Ultimate Summer #TripLit Reading List

The dog days stretch out in front of us in all their indolent or pulse-quickening glory, depending on your style. This sunny season is paved with compelling stories to be lazily read by the beach or gobbled up on a long-haul flight to your next adventure. Our summer reading list of new #TripLit ranges from fiction to memoir, but each read evokes a great sense of place—and is sure to inspire future travel. 

> Novels That Take You There:

The True and Splendid History of the Harristown Sisters, by Michelle Lovric. Hair! The Swiney siblings have a lot of it in this fascinatingly odd tale, inspired by real-life sisters who gain fame and fortune for their ankle-length tresses in famine-plagued, Pre-Raphaelite-era Ireland.

Waiting for the Electricity, by Christina Nichol. “Here we have dancing, love, wine, sun, ancient culture, and beauty. But no money. Therefore, we have become a little unfashionable because, these days, money is the hero of the world.” So says the narrator (named Slims Achmed Makashvili) about his country, the republic of Georgia, in this laugh-out-loud debut novel.

Euphoria, by Lily King. New Guinea is the setting for this fascinating tale—of three cultural scientists studying river tribes who become enmeshed in a feverish love triangle in the 1930s—that was inspired by events in the life of anthropologist Margaret Mead.

> Mysteries in Great Settings:

The Corsican Caper, by Peter Mayle. As light and enjoyable as the best of croissants, Mayle’s latest mystery sees master sleuth Sam Levitt solving a murder amid the yachting classes in the glittery south of France.

The Bone Seeker, by M. J. McGrath. Half-Inuit teacher Edie Kiglatuk may be tackling her third mystery on Ellesmere Island, but we’re also along for the vivid descriptions of the 24-hour-sun-drenched Canadian Arctic and the insights on contemporary Inuit life.

By Its Cover, by Donna Leon. It’s springtime in Venice and with the budding of wisteria comes the arrival of towering cruise ships and the latest (number 23!) mystery for Commissario Guido Brunetti—this one involving a rare book theft from a prestigious Venetian library.

> Amazing Adventures:

Grandma Gatewood’s Walk: The Inspiring Story of the Woman Who Saved the Appalachian Trail, by Ben Montgomery. The back-cover blurb pretty much sums it up: “Before Cheryl Strayed, there was Grandma Gatewood.” This biography of the first woman to hike the entire Appalachian Trail (at 67 years old) in one season will be a kick in the pants to get your own long-held dreams going.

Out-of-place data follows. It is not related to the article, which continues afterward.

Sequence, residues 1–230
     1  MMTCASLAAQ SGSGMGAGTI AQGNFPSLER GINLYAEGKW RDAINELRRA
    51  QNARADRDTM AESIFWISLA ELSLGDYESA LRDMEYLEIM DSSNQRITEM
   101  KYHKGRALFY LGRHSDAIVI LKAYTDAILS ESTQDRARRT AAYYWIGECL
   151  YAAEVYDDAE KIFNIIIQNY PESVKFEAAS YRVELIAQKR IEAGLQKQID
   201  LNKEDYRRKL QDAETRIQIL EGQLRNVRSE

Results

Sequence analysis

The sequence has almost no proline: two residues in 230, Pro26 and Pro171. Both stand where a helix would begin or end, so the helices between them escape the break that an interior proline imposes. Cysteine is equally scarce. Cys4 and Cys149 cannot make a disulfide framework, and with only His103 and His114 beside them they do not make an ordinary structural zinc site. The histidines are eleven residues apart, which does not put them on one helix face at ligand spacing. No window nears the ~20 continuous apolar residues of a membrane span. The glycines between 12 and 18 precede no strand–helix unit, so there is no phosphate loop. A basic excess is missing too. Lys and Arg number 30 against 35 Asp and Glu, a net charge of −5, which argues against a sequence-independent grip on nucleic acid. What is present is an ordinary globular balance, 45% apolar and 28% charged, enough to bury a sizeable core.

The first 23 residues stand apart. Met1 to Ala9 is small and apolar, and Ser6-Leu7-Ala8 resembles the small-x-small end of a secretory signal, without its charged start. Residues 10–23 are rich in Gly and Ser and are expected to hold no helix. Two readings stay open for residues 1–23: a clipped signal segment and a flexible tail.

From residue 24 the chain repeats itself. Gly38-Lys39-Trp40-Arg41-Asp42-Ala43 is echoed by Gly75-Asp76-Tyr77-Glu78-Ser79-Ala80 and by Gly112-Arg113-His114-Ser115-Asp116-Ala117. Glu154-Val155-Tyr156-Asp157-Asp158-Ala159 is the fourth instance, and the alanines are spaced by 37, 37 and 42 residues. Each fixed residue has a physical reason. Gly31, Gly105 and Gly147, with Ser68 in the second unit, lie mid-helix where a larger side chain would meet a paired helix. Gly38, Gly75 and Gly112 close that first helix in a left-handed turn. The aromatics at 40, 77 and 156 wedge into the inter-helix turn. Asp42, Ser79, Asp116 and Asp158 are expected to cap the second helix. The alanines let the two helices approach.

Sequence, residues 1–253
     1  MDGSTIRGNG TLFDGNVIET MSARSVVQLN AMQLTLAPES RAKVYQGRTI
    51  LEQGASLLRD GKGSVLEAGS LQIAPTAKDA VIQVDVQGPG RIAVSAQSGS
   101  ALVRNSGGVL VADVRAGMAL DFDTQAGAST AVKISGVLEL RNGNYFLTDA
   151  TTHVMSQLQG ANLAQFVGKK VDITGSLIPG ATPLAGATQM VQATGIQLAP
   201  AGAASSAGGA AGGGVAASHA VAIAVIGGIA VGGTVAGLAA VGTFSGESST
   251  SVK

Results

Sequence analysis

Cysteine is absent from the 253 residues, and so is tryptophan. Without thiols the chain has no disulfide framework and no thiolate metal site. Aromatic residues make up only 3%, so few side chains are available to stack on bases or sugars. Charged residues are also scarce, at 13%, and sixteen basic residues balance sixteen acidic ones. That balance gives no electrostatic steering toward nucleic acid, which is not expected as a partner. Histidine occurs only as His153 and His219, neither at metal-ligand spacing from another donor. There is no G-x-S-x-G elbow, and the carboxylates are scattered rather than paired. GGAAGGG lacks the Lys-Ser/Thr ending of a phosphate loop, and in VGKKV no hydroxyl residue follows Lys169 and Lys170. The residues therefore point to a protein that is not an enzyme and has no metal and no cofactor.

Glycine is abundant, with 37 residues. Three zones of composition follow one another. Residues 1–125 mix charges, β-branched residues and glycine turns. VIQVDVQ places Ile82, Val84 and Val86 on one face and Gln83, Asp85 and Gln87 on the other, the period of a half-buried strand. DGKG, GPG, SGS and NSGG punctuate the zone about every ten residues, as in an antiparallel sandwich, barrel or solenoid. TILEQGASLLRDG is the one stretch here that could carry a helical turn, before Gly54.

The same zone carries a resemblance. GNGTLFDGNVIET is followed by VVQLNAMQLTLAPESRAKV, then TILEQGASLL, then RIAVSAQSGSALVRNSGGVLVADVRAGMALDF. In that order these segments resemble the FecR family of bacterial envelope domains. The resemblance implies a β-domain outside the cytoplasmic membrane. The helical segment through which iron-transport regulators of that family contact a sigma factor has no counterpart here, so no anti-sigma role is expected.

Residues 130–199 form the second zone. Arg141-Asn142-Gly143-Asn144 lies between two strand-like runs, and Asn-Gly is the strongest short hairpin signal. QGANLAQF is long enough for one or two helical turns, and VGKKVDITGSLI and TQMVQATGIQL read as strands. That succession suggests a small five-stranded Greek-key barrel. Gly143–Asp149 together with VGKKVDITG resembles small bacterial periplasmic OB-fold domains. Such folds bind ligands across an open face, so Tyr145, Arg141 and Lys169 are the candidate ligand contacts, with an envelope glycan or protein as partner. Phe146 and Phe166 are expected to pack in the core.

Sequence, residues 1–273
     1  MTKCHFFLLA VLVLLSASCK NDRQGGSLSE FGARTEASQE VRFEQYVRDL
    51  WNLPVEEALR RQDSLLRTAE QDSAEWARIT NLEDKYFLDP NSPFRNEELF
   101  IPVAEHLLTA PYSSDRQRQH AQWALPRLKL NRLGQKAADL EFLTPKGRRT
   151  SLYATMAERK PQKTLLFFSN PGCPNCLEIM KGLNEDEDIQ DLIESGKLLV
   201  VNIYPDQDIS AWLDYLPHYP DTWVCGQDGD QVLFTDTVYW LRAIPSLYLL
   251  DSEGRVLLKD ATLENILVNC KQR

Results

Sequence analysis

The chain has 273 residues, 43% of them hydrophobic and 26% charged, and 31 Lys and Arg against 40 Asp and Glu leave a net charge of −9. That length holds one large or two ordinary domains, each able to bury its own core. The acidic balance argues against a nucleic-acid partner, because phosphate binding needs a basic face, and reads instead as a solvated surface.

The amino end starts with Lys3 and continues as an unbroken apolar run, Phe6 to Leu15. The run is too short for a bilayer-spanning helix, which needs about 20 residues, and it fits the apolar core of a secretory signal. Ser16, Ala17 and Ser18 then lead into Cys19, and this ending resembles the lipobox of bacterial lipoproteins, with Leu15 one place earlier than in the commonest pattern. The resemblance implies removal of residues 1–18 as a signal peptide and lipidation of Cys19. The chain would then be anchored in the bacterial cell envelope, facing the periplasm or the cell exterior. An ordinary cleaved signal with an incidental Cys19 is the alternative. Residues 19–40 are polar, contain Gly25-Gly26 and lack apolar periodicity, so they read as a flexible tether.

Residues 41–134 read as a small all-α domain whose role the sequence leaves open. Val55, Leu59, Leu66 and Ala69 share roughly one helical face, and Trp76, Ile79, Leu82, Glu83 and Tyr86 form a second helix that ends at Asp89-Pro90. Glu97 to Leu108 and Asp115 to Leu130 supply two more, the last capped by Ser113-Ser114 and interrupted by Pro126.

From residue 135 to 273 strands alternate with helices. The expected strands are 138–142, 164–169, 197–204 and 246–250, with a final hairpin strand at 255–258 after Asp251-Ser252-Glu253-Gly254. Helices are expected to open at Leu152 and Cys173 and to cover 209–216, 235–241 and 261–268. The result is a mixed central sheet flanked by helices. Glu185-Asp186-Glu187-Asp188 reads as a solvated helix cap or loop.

The Bicycle Diaries: My 21,000-Mile Ride for the Climate, by David Kroodsma. A climate researcher pedals from Palo Alto, California, to Tierra del Fuego, at the tip of South America, giving presentations along the way to raise awareness about climate change.

Following Fish: Travels Around the Indian Coast, by Samanth Subramanian. “If Bengali cuisine were Wimbledon, the hilsa would always play on center court. It is the undisputed champion of fish in this corner of India,” writes Subramanian in this fresh take on fishy travels around the subcontinent.

> Memoirs That Reveal the World:

Savannah Diaries, by Brian Jackman. “Africa changes you forever, like nowhere else on Earth,” writes Jackman, who has spent 40 years traveling throughout the continent, championing wildlife preservation efforts.

Under Magnolia, by Frances Mayes. Moving on from “under the Tuscan sun,” the best-selling author turns her exquisite powers of prose to this recollection of a chaotic childhood in Deep-South Georgia.

Cathedral of the Wild: An African Journey Home, by Boyd Varty. The great-grandson of the founder of South Africa’s Londolozi Game Reserve, Varty has a treasure trove of harrowing and wonder-filled stories about growing up in the bush.

Amy Alipio is an associate editor at National Geographic Traveler magazine. Follow her story on Twitter @AmyTravels and on Instagram @amyalipio.

What are you reading right now? Share your recommendations with the Intelligent Travel community in the comments section below or on Twitter by using the #TripLit hashtag.